This supplement is sold in the US and Canada under the name Broc. It does not need to be kept refrigerated, but it is better to store it cool. Quoting from the Prostaphane FAQ:
The ideal place to store Prostaphane® is in the refrigerator, but it can be kept at room temperature. Refrigeration ensures that 100% of the potency is retained over time. Storing at room temperature can slightly reduce sulforaphane content—less than 2% (0.2mg) over the course of one month. Despite some heat exposure, at least 10mg of sulforaphane per Prostaphane® caspule are guaranteed as specified on packaging.
Interesting. This makes it even more attractive for use in a future ITP. I don’t know the exact details but as I understand it they struggled to get a sulforaphane formulation to work and for that reason abandoned it previously.
I may have to change my mind on omega 3s. While they may not cause harm, they may not provide as much benefits as stated since the placebo mineral oil used in the REDUCE study DID cause harmful effects.
I only hope that the drug developers did not do this intentionally to make their product more appealing.
I take an Omega 3 supplement twice a week. I found when I stopped taking it that I developed some aches. Hence I have concluded it has a positive effect for me. I probably have more Omega 3 now than I had then, however.
Thinking of adding the following to my supplement list:
rapamycin: just found out about it and will be trying to get an appointment with a Dr to obtain ASAP
ginger: works as a blood thinner which can prevent the formation of clots that can lead to heart attack or stroke. Ginger also reduces inflammation in the same way as aspirin by blocking COX-2 — the enzyme that promotes inflammation
Alpha-lipoic acid (ALA): ALA is an antioxidant that can help protect cells from oxidative stress and may have potential benefits for brain health, including memory and cognitive function.
Plant sterols and stanols: These naturally occurring substances can help block cholesterol absorption in the intestines. They are found in small amounts in fruits, vegetables, whole grains, and nuts. Some fortified foods, such as margarines and orange juice, contain added plant sterols and stanols.
Adaptogens (such as Ashwagandha or Rhodiola Rosea): Herbs that may help the body adapt to stress, support the adrenal glands, and promote overall well-being.
What I already take, or will be taking by the 20th(I add all of the time):
Centrum Silver(1/day): A daily multivitamin providing essential vitamins and minerals tailored for adults aged 50 and over
Aspirin 81mg(1/day): Going to replace with ginger and nattokinase. Must NOT take aspirin if taking Nattokinase
Zinc 50mg(1/day): An essential mineral that supports immune function and other bodily processes
Super B(1/day): B-vitamin complex that supports energy production and various other body functions
Ginkgo Biloba 120mg(1/day): An herbal supplement that may improve cognitive function and circulation. Ginkgo has been repeatedly evaluated for its ability to reduce anxiety, stress, and other symptoms associated with Alzheimer’s disease and cognitive decline linked to aging.
Ubiquinol CoQ10 100mg(1/day): Important for energy production and cardiovascular health. Antioxidant For Heart Health, Beneficial To Statin Users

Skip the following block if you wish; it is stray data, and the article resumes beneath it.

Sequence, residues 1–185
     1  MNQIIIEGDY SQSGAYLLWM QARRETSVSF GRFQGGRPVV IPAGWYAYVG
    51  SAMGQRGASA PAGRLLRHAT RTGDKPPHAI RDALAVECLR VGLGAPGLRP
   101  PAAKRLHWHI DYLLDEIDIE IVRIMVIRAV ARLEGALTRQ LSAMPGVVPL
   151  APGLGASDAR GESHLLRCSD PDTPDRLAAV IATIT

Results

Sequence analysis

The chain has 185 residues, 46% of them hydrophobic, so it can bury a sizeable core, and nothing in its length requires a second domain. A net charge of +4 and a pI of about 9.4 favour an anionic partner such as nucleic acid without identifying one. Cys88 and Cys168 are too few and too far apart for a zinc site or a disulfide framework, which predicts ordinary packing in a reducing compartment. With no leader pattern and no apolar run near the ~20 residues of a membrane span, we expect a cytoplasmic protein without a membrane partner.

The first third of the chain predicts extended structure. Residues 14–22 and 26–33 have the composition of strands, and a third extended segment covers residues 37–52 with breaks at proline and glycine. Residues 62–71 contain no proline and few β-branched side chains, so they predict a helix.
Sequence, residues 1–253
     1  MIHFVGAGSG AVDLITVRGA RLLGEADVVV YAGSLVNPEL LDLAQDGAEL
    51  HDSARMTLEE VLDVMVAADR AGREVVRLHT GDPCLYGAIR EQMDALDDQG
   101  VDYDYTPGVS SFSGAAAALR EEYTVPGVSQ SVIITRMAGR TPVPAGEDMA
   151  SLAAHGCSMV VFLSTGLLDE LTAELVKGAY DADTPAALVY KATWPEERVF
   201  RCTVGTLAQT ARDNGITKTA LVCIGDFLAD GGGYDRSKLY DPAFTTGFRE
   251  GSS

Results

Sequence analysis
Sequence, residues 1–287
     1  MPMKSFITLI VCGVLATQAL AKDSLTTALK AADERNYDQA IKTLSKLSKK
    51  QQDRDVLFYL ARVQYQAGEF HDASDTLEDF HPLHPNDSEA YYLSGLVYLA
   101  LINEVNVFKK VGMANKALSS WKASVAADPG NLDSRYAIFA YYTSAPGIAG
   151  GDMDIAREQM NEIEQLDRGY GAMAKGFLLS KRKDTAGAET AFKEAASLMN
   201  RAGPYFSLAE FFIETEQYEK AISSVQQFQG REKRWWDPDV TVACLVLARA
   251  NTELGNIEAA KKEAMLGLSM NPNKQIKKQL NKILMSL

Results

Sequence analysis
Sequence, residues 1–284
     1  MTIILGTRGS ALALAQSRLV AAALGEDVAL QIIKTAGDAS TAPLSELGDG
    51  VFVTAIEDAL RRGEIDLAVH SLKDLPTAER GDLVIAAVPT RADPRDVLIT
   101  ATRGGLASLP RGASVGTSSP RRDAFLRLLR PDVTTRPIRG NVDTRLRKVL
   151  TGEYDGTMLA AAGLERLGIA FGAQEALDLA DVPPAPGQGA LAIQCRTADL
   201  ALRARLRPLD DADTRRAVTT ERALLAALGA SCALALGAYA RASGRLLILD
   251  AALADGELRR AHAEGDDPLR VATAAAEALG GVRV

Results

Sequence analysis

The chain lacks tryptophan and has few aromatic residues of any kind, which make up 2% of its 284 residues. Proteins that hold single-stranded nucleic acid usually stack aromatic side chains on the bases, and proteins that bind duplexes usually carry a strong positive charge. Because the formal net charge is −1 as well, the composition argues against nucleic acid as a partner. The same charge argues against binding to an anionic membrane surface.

Vit C 500mg(1/day): An antioxidant that supports immune function and collagen production
Vit D3 50mg(2/day): Supports bone health, immune function, and mood regulation.
Vit K-2, MK-7 100mcg(2 per day): Essential for bone health and blood clotting.
Omega-3s 1065mg(2/day): Supports heart, brain, joint health, and reduces inflammation. Fish oil or algae-based supplements can provide additional omega-3 fatty acids, which can help improve heart health and lower LDL cholesterol.
Berberine 500mg(2 per day): May improve blood sugar control and heart health
Qunol Tumeric 1000mg(2/day): The active compound in turmeric, which has potent anti-inflammatory and antioxidant properties.
Bacopa Monnieri 350mg(2/day): Herbal Nootropic Working Memory Supplement for Brain Function…adaptogenic herb that may improve cognitive function and memory
Odorless Garlic 3600mg(3/day): Supports heart health and may have antioxidant properties
Resveratrol 800mg, Quercetin 250mg, MCT 850mg (3/day): NAD Supplement; A blend of antioxidants and medium-chain triglycerides for heart health and energy support.
Nicotinamide Riboside (NR): NR is a precursor to NAD+, which is essential for cellular energy production and overall health. These supplements have shown potential in supporting healthy aging.
N-Acetyl Cysteine (NAC): NAC is an antioxidant and a precursor to glutathione, one of the most potent antioxidants in the body. NAC can support liver health, immune function, and may have potential cognitive benefits.
Nattokinase Supplement 4000 FU: Alzheimer’s disease, Although animal models suggest nattokinase may degrade amyloid plaques, human studies have not been conducted.
Psyllium Husk: Metamucil Psyllium Fiber Capsules; This soluble fiber supplement can help lower LDL cholesterol and may have a positive effect on ApoB levels.
Fisetin: Fisetin is a natural flavonoid with antioxidant and anti-inflammatory properties. It has shown potential in promoting brain health and combating age-related cognitive decline.
Although I am loathe to speak for “everyone,” one supplement I have not yet seen mentioned in this thread is lithium. It is a trace mineral that most cannot get in sufficient quantity without supplementation.